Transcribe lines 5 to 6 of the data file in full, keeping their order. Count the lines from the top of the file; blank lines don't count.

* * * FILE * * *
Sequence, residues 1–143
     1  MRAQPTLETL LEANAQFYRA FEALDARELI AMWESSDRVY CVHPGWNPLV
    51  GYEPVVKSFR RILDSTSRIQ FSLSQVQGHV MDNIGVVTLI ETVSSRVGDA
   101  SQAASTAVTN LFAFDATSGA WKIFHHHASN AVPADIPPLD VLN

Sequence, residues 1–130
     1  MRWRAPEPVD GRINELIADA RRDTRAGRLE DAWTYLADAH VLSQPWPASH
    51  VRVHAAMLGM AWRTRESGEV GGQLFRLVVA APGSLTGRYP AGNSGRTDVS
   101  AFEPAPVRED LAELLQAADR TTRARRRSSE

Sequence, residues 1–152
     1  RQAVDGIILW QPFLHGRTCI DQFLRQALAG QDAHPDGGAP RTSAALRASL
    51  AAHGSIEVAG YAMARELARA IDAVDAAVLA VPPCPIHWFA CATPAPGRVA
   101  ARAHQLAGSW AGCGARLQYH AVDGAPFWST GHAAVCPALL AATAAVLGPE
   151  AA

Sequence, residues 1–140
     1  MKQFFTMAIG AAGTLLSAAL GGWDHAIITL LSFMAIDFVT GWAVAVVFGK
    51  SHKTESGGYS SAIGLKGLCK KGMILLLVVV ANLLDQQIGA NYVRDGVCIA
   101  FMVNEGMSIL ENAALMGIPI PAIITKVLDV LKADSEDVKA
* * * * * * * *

Sequence, residues 1–130
     1  MRWRAPEPVD GRINELIADA RRDTRAGRLE DAWTYLADAH VLSQPWPASH